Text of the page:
Chain Lakes Provincial Recreation Area was originally part of the network of Forest Recreation Program sites run by the Alberta Forest Service, but was transferred to Alberta Parks in the 1990s. It offers rustic camping and a taste of the boreal forest, with long summer days filled with swimming and fishing. You can fish from shore and from your canoe or electric powered boat. The lake is stocked with fish including tiger trout, and a boat launch eases your access to the lake

Cross Lake Provincial Park features an accessible campsite.

Activities include:

  • Birding
  • Camping
  • Canoeing/Kayaking
  • Cross Country Skiing
  • Fishing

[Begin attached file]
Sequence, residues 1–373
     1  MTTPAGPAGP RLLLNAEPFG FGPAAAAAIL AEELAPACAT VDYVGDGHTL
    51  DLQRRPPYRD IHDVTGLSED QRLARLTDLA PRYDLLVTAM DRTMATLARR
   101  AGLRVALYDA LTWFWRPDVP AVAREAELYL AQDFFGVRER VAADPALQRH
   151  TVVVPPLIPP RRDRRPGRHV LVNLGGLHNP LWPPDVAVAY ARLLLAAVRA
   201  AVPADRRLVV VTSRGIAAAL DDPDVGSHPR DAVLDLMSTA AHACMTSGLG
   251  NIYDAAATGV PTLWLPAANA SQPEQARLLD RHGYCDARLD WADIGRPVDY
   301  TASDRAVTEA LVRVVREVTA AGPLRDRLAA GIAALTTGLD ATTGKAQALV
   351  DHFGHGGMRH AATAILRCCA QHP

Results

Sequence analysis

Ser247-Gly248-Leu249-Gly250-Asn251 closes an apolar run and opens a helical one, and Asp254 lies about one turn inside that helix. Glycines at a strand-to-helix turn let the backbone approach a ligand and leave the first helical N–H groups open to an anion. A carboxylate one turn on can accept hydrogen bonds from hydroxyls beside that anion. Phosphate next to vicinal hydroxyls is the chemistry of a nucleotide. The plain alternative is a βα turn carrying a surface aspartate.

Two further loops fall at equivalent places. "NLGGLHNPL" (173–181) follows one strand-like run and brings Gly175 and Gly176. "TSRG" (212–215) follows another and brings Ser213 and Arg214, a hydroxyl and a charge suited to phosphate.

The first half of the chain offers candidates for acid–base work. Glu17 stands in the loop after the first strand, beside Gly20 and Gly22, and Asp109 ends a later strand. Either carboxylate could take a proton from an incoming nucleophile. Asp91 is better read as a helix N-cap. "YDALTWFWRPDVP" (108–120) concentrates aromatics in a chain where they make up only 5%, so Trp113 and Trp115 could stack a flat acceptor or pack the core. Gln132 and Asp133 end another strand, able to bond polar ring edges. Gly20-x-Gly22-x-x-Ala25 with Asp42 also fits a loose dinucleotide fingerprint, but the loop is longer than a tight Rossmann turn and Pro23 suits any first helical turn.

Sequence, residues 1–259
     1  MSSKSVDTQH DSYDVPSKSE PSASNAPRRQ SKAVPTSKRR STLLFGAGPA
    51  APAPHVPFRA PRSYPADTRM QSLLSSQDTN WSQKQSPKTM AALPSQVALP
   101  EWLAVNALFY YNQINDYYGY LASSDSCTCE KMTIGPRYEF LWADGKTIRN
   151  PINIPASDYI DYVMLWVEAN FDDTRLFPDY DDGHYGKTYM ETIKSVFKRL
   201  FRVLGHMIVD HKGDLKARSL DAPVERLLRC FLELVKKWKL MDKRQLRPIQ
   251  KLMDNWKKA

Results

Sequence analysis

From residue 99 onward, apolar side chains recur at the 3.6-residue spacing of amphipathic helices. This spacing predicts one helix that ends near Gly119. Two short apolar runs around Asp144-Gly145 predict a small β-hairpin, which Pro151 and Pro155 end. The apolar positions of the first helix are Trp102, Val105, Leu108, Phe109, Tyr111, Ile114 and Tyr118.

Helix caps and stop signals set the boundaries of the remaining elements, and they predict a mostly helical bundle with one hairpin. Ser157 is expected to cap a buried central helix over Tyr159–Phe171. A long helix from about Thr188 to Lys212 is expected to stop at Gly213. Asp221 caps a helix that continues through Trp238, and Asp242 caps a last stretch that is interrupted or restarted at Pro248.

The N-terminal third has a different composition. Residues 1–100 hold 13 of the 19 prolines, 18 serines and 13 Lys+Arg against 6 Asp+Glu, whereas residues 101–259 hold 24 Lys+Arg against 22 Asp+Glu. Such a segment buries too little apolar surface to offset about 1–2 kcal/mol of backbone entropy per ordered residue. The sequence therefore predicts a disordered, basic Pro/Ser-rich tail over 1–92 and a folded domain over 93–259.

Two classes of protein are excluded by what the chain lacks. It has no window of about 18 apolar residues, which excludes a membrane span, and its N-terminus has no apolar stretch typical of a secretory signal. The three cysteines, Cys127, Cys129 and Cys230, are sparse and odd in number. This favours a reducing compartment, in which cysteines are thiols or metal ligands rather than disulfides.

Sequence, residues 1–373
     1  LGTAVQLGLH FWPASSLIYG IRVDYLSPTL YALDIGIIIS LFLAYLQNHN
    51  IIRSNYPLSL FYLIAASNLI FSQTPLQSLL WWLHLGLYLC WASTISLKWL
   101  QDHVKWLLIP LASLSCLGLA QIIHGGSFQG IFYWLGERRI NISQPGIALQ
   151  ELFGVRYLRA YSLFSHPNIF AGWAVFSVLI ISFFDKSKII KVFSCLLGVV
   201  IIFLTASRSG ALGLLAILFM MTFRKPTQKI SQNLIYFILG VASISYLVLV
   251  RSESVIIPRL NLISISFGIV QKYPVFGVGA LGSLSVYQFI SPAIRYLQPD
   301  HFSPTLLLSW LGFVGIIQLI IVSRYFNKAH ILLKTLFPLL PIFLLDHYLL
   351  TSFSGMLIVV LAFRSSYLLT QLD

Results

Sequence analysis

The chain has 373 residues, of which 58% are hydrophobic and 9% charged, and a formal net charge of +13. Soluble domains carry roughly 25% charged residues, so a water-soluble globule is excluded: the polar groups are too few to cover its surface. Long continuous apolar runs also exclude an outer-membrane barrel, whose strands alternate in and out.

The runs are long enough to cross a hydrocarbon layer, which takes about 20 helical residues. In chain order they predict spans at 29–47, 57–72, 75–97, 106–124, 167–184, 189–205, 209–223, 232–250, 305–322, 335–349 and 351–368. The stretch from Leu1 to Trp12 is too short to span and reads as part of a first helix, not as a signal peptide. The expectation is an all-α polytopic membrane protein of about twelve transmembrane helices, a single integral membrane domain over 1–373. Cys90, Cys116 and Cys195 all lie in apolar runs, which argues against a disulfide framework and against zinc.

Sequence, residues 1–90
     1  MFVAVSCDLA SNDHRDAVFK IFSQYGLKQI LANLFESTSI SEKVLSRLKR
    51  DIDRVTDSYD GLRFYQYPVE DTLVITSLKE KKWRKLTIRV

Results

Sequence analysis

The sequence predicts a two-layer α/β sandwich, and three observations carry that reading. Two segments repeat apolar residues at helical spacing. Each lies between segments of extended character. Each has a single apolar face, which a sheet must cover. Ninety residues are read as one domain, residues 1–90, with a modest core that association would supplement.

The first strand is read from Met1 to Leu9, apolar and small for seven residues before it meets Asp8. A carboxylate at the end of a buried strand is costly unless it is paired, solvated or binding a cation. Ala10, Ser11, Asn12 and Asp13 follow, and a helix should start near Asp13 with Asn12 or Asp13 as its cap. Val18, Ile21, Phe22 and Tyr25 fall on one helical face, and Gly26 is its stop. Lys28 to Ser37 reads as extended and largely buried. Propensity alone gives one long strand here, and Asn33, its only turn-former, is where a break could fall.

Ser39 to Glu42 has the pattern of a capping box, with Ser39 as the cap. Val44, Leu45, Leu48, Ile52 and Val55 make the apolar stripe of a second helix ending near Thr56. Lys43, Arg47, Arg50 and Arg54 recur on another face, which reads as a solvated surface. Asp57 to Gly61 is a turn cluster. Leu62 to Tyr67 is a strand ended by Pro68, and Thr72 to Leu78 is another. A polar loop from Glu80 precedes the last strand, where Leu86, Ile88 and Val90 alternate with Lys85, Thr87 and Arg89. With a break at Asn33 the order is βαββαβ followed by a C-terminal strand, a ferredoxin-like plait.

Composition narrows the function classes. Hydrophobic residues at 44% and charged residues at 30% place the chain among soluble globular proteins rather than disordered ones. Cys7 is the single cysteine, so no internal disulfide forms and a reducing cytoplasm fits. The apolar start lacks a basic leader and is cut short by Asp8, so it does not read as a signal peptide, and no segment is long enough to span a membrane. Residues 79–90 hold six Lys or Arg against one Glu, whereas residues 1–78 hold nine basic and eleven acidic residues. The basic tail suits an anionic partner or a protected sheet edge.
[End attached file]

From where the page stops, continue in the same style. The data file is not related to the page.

• Geocaching
  • Hiking - Front Country
  • Horseshoes
  • Ice Fishing
  • Power Boating
  • Swimming
  • Water Skiing
  • Wind Surfing
Fawcett Lake Provincial Recreation Area

Beautiful in its boreal forest setting, Fawcett Lake Provincial Recreation Area was the site of a Chisholm Sawmills camp during the 1940s. In addition to Canadian loggers, sawyers, and support staff, 25 German Prisoners of War volunteered to labour here to escape the tedium of POW camps in other parts of the province. While most physical remnants of this history are now gone, the floating sawmill’s anchoring piers are an enduring reminder of this era.

The Fawcett Lake Campground provides basic facilities for campers who aren’t looking for frills. Pit toilets, pump water, and fire pits are provided.

In addition to appreciating the history of the site, you can enjoy fishing, swimming, paddling and boating (electric motors only) here.

Activities include:

  • Camping
  • Canoeing/kayaking
  • Fishing
  • Group use
  • Snowmobiling (off-site)
  • Swimming
  • Electric motors only
  • Geocaching
Grizzly Ridge Wildland Provincial Park